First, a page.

I actually have a proposed solution that would seem satisfactory to me, and that is to regulate smoking in any kind of establishment — bars, restaurants, coffeeshops, or anywhere else that anybody might want to light up. What we could do is create a system of expensive smoking licenses, analogous to liquor licenses. By default, every location would be smoke-free, but those who wanted to pay enough for it could buy licenses and provide a place for the untouchables to slowly turn their lungs into tumors. “Enter At Your Own Risk” they could say, and the license framework could pay for the costs of implementation and also provide cashflow for employees’ healthcare. For centuries, taverns and pubs were disreputable establishments for lowlifes and freaks — it’s only been pretty recently that respectable society starting frequenting bars. I say, let’s have smoke bars for the surly, for the stressed, for the sinners and their would-be saviors. They would be dangerous places, slightly taboo, out of sight and out of mind of the non-smoking gentry.
But I guess it’s too late for that, at least for the District of Columbia. I’ll just have to stop worrying and learn to love the ban. Your thoughts?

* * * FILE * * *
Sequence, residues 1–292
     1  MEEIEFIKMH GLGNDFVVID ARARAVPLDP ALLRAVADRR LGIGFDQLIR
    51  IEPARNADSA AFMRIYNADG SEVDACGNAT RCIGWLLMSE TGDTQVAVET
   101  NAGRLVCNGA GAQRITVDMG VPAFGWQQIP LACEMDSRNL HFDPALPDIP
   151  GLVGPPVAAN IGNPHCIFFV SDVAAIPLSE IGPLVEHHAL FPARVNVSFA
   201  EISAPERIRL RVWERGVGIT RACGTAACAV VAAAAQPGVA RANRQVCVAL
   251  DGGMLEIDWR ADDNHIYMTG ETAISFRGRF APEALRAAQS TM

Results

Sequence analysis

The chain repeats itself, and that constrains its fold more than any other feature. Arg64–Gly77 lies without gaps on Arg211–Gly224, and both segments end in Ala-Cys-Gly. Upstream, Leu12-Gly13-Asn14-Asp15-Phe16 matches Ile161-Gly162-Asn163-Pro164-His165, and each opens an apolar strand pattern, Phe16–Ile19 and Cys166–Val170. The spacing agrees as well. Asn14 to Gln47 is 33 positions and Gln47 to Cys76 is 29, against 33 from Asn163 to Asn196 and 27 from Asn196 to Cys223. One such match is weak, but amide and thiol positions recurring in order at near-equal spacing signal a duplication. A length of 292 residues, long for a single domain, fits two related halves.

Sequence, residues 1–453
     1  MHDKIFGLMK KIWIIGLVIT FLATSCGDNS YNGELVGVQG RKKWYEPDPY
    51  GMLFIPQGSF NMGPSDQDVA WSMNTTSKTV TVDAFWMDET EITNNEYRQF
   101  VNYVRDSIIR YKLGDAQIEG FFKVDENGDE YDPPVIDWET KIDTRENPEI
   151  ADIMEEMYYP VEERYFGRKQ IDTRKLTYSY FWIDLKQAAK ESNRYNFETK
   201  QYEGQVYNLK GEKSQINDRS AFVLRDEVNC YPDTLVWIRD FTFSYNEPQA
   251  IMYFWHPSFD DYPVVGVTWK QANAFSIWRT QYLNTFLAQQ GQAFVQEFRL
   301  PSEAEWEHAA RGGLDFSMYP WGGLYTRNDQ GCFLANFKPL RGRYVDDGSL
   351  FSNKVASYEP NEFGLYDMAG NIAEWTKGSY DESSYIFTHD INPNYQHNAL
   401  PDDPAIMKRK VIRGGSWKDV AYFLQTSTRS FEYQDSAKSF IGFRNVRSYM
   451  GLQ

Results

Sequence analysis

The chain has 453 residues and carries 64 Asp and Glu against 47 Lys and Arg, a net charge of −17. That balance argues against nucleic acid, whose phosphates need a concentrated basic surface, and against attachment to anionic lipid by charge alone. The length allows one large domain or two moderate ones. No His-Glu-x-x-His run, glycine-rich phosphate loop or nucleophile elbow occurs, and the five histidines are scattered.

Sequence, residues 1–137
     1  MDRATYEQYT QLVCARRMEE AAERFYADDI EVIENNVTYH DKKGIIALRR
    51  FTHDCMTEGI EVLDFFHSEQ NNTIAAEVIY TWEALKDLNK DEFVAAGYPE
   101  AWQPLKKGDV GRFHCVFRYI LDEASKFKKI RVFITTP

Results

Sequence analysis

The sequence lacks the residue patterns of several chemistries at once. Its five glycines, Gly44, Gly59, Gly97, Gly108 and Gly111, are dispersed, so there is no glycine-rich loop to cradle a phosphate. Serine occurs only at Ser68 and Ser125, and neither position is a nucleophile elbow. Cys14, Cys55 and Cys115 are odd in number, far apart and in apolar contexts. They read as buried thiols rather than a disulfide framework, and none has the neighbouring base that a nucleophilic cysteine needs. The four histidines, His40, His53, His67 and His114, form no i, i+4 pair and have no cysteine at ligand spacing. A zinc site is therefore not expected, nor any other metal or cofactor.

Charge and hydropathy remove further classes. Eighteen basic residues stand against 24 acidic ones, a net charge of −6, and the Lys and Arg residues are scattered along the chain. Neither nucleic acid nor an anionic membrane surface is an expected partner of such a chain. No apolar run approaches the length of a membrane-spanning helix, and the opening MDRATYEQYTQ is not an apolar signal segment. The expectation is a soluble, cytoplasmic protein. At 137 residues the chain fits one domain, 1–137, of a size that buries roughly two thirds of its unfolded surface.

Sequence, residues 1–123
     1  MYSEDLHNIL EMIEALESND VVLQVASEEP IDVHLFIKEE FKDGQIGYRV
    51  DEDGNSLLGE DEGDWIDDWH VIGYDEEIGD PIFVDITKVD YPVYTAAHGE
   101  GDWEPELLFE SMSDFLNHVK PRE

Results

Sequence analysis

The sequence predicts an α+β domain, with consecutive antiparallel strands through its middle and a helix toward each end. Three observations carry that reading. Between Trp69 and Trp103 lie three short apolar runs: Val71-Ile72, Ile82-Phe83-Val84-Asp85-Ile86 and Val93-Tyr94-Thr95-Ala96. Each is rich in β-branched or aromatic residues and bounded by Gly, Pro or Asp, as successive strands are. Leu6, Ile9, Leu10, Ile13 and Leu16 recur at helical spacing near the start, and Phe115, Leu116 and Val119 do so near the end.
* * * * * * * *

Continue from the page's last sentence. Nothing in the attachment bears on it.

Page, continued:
- I certainly acknowledge that there are many advocates of a smoking ban on health grounds. These are generally good people, advocates for public health, and they are fighting for a good cause (even though I somewhat disagree with them). I am not arguing that activists and advocates are being dishonest or manipulative or anything like that, just that health alone is probably not a strong enough reason for the masses of people to want to overturn the tradition of smoking in bars.
- I am not really addressing the smoking ban’s most meritorious aspect, which is protecting the employees. The anti-smoking ban side of the argument has its own flaws, and one of them is a certain snide assumption that everybody who works at a bar already smokes. While this is not without some truth, I do care about the bartenders, waitstaff, etc. I think the only fair way to continue with smoky workplaces is to factor in the long-term health impact on those who work there and provide them with adequate healthcare. Still, while the best argument that can be made to ban smoking is to advocate for workers’ health, I don’t think your average bar patron is fighting for the ban in order to protect the workers.
- The same thing might work for drugs. Bring back the opium dens!